The history of the men and women selling real estate is dependent upon the country where they ply their trades. In the United States, real estate brokers began presenting houses for sale around 1900, and they have continued to today. In countries like Australia, the practice of real estate sales has been present, but only recently have real estate brokers and agents come together to form common associations for home sales.
The first records for home sales in the United States began around 1890 as an attempt to form a real estate association failed, but it began a process so that by 1908, the National Association of Real Estate Exchanges was founded to bring brokers and agents together to facilitate the selling of homes. Despite the presence of the association, until 1919, anyone could call themselves a ‘real estate broker’ without any professional certification or licensing. Needless to say, the practice of selling homes in this era was a dubious practice at best as brokers, known as curbstoners, placed multiple placards in front of homes trying to compete leaving homeowners to simply pick one of the multitudes.
Traditional real estate sales practices emerged out of this era as true real estate agents asked permission to gain listings to sell and earn a home seller’s trust. Single agents gained exclusive contracts in major cities such as Chicago, St. Louis, and Baltimore, and this allowed these agents to become the go-between for home-sellers and buyers were know today incorporating the practices of walkthrough and open houses used to sell homes for over 100 years.
In the 1910s, the first open house occurred over several weeks as a way to open homes to the public. The public could see new building concepts as home technology such as electric lighting and kitchen layouts improved homes making them more desirable. In 1925, the National Real Estate Journal presented the idea of presenting furnished, or ‘staged’ homes for review to give buyers a feeling of already being home. In the 1930s and 1940s, real estate agents used one open house to create sales networks of multiple homes to present to buyers. If one house was not desired, then agents could present several in their network to improve the chances of a sale. In the 1940s and 1950s, the post-World War II world saw a boom in real estate sales as soldiers coming home looked for a new place to call home and raise a family. Homes entered and exited the market in rapid time. This was the first time the term “Realtor” was used, and women became realtors in record numbers. Finally, in 1952, the use of model homes emerged in Dallas, Texas as a way to present a finished home to thousands of people representing another built unit for purchase.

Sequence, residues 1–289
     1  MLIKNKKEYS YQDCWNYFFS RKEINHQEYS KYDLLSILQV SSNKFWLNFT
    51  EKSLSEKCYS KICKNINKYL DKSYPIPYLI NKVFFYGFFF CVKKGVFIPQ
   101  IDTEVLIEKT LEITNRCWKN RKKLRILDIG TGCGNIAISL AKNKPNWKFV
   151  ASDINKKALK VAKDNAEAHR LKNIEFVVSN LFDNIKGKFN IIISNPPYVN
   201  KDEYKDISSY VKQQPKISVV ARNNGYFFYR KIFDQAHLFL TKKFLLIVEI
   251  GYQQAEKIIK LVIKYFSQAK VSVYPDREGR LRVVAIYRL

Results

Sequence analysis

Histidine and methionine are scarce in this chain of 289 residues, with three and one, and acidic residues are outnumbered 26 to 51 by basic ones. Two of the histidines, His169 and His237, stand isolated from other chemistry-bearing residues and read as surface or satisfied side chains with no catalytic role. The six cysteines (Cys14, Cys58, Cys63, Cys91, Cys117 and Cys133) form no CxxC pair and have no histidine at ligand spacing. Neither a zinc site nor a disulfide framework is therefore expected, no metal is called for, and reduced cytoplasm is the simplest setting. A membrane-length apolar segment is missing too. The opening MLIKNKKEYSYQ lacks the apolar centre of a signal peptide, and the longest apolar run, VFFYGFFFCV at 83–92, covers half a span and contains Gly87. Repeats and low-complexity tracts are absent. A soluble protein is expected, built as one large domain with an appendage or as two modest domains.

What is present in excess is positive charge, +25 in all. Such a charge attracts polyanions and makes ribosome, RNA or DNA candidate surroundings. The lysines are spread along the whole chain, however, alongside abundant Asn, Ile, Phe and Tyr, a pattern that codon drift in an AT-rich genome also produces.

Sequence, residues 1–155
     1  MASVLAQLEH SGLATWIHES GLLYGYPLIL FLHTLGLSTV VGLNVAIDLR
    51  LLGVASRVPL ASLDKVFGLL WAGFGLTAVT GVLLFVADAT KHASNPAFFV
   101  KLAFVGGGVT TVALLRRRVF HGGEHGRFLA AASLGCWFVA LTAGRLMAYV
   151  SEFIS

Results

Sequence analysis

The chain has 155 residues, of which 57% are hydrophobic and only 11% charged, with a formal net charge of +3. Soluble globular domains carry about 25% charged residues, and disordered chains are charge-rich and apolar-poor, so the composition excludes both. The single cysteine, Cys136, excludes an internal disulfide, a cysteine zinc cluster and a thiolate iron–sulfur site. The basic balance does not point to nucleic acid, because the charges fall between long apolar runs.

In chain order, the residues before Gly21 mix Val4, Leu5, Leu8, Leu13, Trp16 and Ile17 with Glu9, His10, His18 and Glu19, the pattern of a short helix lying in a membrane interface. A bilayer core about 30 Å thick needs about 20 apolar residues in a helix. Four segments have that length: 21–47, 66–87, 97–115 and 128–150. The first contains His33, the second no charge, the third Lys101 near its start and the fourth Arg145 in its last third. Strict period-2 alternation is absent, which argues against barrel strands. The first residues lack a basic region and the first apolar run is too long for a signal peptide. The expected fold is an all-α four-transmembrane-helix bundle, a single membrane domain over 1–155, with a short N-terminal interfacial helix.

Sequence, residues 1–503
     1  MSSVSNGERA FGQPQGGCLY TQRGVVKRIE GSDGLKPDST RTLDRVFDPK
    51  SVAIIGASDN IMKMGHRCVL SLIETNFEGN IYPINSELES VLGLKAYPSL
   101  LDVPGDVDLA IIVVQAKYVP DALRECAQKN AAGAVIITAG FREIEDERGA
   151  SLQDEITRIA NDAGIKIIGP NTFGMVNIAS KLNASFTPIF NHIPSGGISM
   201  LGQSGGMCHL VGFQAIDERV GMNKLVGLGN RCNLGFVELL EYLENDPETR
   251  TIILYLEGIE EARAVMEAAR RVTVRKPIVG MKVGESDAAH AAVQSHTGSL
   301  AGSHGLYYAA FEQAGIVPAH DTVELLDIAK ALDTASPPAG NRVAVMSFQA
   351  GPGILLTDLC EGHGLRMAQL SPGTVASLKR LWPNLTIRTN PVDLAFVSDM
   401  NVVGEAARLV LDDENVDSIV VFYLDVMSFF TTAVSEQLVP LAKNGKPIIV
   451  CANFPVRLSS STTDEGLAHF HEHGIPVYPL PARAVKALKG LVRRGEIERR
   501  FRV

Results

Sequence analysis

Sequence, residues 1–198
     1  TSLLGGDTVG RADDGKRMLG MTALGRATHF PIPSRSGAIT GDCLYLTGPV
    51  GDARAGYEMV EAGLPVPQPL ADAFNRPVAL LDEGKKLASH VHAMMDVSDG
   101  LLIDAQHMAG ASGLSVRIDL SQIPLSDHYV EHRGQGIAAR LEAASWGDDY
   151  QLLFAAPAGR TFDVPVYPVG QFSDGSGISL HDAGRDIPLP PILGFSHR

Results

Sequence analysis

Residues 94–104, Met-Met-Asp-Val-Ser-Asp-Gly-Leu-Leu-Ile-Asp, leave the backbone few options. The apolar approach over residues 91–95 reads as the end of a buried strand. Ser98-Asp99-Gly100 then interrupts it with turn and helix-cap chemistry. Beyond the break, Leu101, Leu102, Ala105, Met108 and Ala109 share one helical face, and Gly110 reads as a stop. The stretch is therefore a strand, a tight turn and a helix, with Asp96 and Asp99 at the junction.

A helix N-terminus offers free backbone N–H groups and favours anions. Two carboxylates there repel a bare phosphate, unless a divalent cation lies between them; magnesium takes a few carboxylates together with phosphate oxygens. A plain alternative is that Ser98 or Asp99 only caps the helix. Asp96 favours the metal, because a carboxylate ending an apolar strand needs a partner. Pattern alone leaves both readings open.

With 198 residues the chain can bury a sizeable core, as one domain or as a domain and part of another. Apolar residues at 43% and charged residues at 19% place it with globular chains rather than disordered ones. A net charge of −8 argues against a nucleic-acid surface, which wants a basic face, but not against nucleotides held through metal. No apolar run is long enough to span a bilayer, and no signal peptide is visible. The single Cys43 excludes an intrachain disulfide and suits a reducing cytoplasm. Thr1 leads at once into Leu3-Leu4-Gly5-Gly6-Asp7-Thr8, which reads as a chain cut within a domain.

In the past 70 years, the sales of homes have remained the same. Home prices doubled in the 1960s and realtors improved their craft through the creation of the Council of Residential Specialists to improve realtor knowledge about sales practices. The best way to sell a home remains to get people in the home. What has changed the real estate landscape was the Internet as a way to list, find and schedule appointments. New sites such as Realtor.com allow prospective home buyers to see homes before they actually set foot in a home giving them a better feel for areas of the home they want to focus on. The Internet has also facilitated the ability to schedule showings, and buyers can see several homes in a day rather than one or two in a day drawing out the buying process. Real estate agents were quick to adopt these innovations in order to present the best aspects of the home and improve the chances of the sale and bring their listings together in one spot.
In Australia, real estate agents were present as individual entities, but in 1981, rural real estate agents in Victoria met to create a common group to better withstand large, franchised organizations. This group agreed on four principles that real estate agents employ the latest techniques and training to improve customer satisfaction, be able to work domestically and internationally, allow members to retain levels of independence, and find the best agents. As a result, the First National Group of Independent Real Estate Agents Limited was born. Based upon the ideas of integrity with expertise, flawless reputations, exceptional service, leadership, networking, and consistent improvement of craft, the group sought to present the best possible experience to the consumer. In only 30 years, these groups of real estate agents have become the best known in Australia.